Google’s Webmaster Guidelines strictly restrict this harmful practise. If such practice, Google may apply manual spam actions against some particular pages or against your entire website. If Google’s manual actions affect your entire website, you will get message under the Site-Wide Matches of Google Webmaster Tools (GMT). And actions that affect only some portion or pages of your website or some incoming links, you will get message under the Partial Matches section of GMT.
Whenever you have been applied any manual action for any of the above mentioned web spams, you have to solve the problem at first before making any reconsideration request to Google. To deal with this cloaking practice, you need to do the following:
- First of all, find the problems associated with the particular portion or pages of your website that has been mentioned in the message. You should use the Fetch as Google feature of GMT with which you can see how Google is seeing your particular webpages.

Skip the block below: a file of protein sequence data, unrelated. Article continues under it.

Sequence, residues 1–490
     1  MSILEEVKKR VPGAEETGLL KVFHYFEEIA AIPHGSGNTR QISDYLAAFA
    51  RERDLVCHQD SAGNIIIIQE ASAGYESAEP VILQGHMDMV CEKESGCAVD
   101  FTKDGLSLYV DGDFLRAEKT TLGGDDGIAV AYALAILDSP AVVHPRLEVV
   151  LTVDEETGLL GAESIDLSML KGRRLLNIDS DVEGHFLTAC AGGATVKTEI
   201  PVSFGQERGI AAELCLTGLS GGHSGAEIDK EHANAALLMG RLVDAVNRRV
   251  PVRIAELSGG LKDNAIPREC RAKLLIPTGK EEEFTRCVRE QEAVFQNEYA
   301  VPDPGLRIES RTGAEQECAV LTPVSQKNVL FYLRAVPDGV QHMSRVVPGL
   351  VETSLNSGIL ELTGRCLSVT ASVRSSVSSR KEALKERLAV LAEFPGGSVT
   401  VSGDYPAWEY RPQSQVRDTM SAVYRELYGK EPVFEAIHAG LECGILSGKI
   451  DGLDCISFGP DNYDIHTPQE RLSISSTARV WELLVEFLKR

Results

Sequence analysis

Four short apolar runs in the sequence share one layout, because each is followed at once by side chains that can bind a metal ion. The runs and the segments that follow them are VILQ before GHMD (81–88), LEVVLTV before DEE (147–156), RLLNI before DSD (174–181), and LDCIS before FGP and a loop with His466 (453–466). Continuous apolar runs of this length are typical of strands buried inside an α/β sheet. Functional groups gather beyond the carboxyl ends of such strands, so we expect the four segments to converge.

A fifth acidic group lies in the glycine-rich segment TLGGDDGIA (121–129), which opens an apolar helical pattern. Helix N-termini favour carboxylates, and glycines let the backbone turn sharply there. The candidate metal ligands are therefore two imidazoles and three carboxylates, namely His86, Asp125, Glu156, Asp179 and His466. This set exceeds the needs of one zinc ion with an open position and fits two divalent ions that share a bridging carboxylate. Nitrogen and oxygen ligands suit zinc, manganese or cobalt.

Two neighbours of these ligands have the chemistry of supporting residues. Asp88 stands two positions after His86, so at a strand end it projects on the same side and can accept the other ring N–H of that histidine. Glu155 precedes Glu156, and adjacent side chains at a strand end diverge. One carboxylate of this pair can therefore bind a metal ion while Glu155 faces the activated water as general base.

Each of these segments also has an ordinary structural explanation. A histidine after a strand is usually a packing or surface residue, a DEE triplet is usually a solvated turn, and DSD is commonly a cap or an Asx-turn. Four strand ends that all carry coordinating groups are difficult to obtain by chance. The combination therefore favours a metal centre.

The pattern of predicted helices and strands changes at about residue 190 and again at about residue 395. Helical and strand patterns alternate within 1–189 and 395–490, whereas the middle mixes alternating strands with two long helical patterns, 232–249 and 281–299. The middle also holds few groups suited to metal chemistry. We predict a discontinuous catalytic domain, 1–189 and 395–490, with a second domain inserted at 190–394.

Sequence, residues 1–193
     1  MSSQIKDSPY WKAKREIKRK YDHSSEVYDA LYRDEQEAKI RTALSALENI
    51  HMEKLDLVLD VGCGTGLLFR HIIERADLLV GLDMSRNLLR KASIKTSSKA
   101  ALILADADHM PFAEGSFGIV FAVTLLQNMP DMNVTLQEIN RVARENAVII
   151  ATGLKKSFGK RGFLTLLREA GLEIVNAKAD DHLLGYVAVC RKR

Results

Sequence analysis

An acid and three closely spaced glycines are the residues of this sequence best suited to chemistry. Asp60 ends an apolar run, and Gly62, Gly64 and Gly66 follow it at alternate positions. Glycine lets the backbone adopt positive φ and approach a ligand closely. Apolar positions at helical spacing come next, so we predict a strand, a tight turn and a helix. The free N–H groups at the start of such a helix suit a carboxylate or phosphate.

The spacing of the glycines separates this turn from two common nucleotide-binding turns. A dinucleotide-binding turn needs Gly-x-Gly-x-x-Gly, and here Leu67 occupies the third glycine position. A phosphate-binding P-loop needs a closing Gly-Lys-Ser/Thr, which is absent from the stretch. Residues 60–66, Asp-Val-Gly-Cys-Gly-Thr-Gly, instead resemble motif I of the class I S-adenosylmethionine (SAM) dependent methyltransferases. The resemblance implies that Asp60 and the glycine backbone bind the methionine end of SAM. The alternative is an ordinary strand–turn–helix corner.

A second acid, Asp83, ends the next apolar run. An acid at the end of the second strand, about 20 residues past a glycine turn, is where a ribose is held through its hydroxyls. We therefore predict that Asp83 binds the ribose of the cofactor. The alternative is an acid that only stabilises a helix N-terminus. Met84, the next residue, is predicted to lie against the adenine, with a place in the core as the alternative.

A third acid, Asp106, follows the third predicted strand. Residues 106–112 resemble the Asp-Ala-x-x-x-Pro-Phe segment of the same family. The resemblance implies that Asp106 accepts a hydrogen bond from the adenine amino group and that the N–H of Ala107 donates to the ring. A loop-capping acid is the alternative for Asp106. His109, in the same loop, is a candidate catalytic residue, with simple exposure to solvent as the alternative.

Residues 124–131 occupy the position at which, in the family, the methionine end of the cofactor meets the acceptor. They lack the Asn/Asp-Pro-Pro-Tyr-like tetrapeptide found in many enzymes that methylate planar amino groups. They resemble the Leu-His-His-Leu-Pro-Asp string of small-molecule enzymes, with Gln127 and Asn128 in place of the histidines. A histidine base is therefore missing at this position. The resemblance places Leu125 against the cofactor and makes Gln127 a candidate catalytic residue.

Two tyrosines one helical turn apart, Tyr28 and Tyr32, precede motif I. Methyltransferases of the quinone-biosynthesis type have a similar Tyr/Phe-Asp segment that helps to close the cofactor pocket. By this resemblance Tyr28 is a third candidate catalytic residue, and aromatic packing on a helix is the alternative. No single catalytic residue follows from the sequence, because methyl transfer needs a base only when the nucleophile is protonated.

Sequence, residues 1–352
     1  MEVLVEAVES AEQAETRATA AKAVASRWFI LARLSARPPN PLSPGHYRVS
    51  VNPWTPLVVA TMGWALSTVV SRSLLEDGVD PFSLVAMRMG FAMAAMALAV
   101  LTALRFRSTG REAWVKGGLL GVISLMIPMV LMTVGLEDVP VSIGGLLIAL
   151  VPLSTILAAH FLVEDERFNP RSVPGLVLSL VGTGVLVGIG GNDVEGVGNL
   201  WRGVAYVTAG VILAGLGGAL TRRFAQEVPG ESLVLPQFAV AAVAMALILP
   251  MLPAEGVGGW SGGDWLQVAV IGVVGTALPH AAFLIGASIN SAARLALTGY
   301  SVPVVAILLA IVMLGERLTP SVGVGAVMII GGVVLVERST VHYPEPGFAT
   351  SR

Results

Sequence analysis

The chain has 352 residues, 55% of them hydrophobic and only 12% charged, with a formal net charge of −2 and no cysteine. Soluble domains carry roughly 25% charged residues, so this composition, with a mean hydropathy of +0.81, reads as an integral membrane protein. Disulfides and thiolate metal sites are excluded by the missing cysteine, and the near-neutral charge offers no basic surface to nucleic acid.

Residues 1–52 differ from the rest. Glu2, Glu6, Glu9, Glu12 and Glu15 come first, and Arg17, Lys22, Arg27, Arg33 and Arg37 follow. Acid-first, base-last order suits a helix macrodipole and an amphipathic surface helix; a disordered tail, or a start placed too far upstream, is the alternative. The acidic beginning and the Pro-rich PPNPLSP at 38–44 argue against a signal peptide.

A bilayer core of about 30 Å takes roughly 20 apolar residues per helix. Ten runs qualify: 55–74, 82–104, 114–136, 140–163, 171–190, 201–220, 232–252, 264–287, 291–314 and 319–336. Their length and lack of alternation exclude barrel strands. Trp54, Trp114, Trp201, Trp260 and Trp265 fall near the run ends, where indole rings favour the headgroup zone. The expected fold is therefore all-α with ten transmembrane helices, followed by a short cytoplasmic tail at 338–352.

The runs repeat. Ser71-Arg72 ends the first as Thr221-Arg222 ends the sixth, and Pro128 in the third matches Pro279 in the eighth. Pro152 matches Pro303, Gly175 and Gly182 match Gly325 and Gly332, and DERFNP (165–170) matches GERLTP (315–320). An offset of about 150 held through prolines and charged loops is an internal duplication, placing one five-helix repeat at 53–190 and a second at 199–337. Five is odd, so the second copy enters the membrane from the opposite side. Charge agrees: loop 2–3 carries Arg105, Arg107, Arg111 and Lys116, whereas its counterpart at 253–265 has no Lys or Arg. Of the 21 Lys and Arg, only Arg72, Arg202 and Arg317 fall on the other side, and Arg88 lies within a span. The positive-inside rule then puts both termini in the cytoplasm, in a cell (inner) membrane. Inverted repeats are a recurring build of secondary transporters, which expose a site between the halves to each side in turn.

- Then compare the two contents i.e. content that fetched by Google and the content than human visitors see to make sure whether there is any difference or not.
- If two contents differ, that is cloaking really exists, then you need to identify and remove that portion of your website that is serving different content to users and bots. To do so, you may require looking through your site’s code from the server.
- Carefully check your website’s URLs to make sure whether there are URLs that redirect human users to somewhere else than where they actually expect to go
- Carefully look for URLS throughout your website which conditionally redirect such as only redirecting users who are coming from certain locations or only redirecting users who are coming from Google SERPs.
- If your site is using any of above two redirections, it’s high time you find out and remove those portions of website where such redirections are being used. To do so, you may require changing your site’s code from the server.